Traffic congestion and public transit infrastructure are named among the top issues for most civic election candidates in New Westminster – and it seems we’re not alone. Greater Vancouver is experiencing major growing pains related to suburbun expansion. Cost of living has boosted growth in areas like Pitt Meadows, Coquitlam, Surrey and Abbotsford, but the majority of jobs are still located in Vancouver. The result is gridlock due to the funnel effect of so many people coming into the downtown area through a limited number of access points.
Unsurprisingly, those at the wide end of the funnel want to twin the Port Mann bridge, hoping it will speed their commute into town. We at the narrow end – New Westminster, Burnaby and Vancouver – are more likely to oppose it, fearing it will only bring more non-residential traffic into our communities.
In the south-of-the-Fraser communities of Langley, Surrey, Delta and White Rock, where gridlock on the bridge is a huge issue, nearly 75 per cent of candidates agreed or agreed strongly that the bridge should be twinned.
Artist’s rendition of a twinned Port Mann Bridge.
In the Tri-Cities area, support was even higher. Eighty-five per cent of candidates agreed.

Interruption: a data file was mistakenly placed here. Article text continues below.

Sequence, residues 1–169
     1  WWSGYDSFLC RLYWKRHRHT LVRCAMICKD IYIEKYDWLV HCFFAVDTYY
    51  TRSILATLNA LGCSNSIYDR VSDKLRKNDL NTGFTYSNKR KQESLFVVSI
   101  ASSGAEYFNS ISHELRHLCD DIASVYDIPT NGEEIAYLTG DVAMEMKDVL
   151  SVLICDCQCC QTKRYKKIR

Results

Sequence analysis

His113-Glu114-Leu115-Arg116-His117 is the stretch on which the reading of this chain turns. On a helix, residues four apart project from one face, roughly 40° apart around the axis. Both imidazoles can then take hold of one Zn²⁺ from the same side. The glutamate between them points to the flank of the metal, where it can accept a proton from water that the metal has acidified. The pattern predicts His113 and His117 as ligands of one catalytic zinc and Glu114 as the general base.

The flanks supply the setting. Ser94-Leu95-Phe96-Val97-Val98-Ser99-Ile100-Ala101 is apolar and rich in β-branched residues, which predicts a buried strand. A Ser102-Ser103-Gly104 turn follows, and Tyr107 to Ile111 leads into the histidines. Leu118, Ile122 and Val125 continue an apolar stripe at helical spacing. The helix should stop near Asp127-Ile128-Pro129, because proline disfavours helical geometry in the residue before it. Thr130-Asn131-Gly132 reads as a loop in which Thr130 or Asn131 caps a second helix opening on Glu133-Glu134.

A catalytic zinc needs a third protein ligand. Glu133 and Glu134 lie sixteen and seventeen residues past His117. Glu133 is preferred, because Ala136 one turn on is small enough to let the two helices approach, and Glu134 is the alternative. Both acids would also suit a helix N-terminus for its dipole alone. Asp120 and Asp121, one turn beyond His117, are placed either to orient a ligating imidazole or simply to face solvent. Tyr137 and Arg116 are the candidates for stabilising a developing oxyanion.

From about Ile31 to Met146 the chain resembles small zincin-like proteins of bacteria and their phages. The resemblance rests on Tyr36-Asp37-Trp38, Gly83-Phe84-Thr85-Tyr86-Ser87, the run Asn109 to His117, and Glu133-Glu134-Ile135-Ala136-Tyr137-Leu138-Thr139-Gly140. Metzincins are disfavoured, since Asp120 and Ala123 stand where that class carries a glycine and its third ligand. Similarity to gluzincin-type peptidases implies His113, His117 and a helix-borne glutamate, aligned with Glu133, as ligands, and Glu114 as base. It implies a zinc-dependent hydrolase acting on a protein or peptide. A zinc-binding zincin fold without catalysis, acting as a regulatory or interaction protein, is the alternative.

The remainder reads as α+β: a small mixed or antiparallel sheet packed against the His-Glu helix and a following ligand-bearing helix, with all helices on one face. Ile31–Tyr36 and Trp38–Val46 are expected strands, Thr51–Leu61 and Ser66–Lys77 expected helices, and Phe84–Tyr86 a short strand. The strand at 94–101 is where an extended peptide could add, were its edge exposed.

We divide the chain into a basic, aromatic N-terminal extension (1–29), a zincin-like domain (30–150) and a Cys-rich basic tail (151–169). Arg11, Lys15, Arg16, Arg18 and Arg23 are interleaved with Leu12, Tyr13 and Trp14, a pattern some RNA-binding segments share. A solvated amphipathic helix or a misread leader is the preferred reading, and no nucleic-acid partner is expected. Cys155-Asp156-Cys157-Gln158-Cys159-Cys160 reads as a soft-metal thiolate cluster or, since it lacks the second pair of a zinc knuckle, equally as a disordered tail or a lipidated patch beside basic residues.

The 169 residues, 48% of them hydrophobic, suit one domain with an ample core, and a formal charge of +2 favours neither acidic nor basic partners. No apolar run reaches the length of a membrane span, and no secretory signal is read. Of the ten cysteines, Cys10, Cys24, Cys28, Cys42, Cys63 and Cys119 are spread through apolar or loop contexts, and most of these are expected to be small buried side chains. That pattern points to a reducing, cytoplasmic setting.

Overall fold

In the core communities of Vancouver, Burnaby and New Westminster, where many fear that more lanes will bring more traffic, only 30 per cent either agreed or agreed strongly with the bridge twinning.
New Westminster council candidate Betty McIntosh said she’d like to see the new South Fraser Perimeter Road completed to siphon off some of the traffic that now runs through New Westminster, which, as the geographical centre of the region, has a disproportionate number of vehicles travelling through it“New Westminster is a compact, well-planned city with a large volume of transit users. We can work, live and play within our city boundaries,” she said.
Lorrie Williams, also running in New Westminster, said the city could “easily become just the crossroad to other places” and it needs well-planned commuter and truck routes and cooperation with other municipalities to share the burden.
As a central access point for the Lower Mainland, New West benefits from proximity to both the city and the suburbs, but as this issue highlights, there is a dark side. Too much traffic is just pass-through traffic, and it impacts local traffic, air quality, quality of life and also our businesses.
The Sun quoted Williams and McIntosh, but here are some opinions from other local candidates on the traffic situation here in New West and what to do about it (quotes from the Sun’s poll data and candidate websites):
- Wayne Wright (incumbent): “
- Blair Armitage:
- Jaimie McEvoy: “
- Terrance Owen: “
To help you on voting day, Nov. 15, you can use the database as a personal ballot, printing off a list of all candidates and then circling those that best reflect your views.
Print it out and circle the candidates you’re voting for? C’mon Sun, you can do better. The data is there, all that is needed is the technical execution to make it more useful. If the Sun doesn’t have the technical resources, they could at least provide the data in an easily remixed format so that others with the knowledge and the desire could create something better suited for the Web.